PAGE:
The Unrivaled Unconventional Energies

Amidst myriad new technologies to reduce the dependency on petrol and diesel; after the pure electric cars, the big car makers are working on ‘plug-in hybrids’ that will run on electricity but will have an internal combustion engine which will recharge the battery as well and also, working on making a car completely driven on solar rechargeable batteries. Equipped solar charging parking stations (with no extra service charges to pay for) or home-installable solar panels will come to rescue for its charging requirements. It’s hard to trust your eyes when you see this hot ravishing sports car with 236-miles range racing 0-60mph in 3.7s; and brrrooom! It’s electric driven! With a tax-free status in Denmark, the 2-seater (hydrogen + PEM cell stack) car rages up to 50mph covering 100 miles on a tank full of hydrogen emitting its sole waste product: pure water. Surplus wind turbines are used to make the car’s hydrogen fuel on a zero-CO2 emission basis from the electrolysis of water. By 2020, the vision of the Nordic countries is to bring nearly 3.5 million hydrogen vehicles with 3000 fuelling stations and utilize their strong competent international researches into introducing hydrogen in Nordic energy systems.

Heating water is a limited use of solar panels that is commonly known. Modern solar panels designed as transparent glass panels for windows can even be used to recharge inverters, hence indirectly used to drive almost all domestic appliances. Using a hydro power saver system for homes can probably reduce the electricity bill up to 32%. Similarly, using solar lighting systems can reduce the annual electricity bills up to drastic levels.

So loud and much have we heard about the benefits and need of adopting alternate sources of energy. How often in India have we witnessed these thoughtful ideas materialize? Hardly, is it? And did you know India ranks sixth in the world in total energy consumption where 70% of its primary energy needs are being derived from crude oil and natural gas.

Although the sun shows up only for half a year in Europe, the use of solar panels and wind turbines in domestic and commercial locations for power needs has been made regulatory by governments like Germany. It’s happening because there is a political will to do so. With abundant sunshine blazing in all states of India, the notion of passing a regulation to make use of the available solar and wind energy for domestic purposes did not fetch like a reason good enough to convince the Indian government. They do think that petrol must be provided with subsidy. Wind turbine ownership rights are granted only to a running profitable business which rule out farmer communities/NGOs. They say that only commercial office buildings and tech parks eat the major chunk of energy quota and thus, should necessarily turn to greener ways; whereas villages and regular urban household need not necessarily join the league. The facts have it that if desired, the authorities can figure out provisions for a wind turbine sufficient enough to light up a village. The repelling factor is that making such regulations can most possibly starve their vote banks.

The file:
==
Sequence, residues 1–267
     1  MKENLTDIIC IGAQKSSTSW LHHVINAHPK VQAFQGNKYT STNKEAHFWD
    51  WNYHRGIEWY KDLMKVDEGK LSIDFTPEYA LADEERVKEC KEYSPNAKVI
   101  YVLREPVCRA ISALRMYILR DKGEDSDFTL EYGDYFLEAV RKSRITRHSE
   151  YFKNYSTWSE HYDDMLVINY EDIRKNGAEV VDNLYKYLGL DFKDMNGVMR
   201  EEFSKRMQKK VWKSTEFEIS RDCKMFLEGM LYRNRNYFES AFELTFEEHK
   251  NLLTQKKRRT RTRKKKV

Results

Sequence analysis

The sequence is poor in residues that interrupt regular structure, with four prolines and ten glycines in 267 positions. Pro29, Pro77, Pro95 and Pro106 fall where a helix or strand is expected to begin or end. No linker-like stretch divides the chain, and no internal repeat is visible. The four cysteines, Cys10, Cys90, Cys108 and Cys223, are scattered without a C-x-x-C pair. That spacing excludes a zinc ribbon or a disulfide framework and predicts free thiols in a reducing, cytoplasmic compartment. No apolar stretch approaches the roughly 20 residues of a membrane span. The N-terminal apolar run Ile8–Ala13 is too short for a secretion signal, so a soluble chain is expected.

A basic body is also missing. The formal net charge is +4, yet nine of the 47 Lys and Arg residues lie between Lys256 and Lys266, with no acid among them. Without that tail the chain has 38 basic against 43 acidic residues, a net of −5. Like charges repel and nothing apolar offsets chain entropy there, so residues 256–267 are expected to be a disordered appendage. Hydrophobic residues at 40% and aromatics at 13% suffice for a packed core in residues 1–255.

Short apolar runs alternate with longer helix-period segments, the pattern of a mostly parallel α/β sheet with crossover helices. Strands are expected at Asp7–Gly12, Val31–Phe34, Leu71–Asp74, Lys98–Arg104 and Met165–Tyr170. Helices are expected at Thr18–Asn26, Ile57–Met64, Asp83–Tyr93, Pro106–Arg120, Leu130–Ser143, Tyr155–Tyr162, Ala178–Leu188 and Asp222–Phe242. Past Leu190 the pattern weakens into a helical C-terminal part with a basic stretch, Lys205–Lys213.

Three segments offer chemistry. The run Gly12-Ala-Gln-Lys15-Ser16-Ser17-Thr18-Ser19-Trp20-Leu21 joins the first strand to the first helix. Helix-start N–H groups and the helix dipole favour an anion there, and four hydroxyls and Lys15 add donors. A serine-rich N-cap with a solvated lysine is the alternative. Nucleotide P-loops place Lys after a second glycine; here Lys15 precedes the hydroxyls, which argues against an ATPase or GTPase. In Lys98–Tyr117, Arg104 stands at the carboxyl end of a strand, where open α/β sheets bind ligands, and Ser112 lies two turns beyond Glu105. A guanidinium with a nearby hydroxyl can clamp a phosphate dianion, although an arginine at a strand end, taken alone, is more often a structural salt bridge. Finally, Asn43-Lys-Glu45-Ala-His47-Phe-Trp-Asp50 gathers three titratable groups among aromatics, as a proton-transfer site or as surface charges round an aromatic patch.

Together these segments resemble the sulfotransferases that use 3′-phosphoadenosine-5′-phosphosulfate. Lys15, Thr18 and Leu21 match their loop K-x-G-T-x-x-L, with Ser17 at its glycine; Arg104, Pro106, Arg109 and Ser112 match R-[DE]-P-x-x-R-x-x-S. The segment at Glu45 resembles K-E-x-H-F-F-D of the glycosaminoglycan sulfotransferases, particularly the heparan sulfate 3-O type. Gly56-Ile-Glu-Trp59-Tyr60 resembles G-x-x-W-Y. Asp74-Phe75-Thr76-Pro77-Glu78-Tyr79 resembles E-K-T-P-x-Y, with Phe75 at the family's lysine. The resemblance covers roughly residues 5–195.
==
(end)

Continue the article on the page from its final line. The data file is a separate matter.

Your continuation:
An odd angle of looking at this: Implementing non-conventional ways of living in urban and rural India will take care of proper lightings across streets (well, to an extent), reduce those robberies/abductions that rely on the dark of night, bring down electricity theft rate, encourage neater surroundings and yes, bring a better social well-being.

Karnika Palwa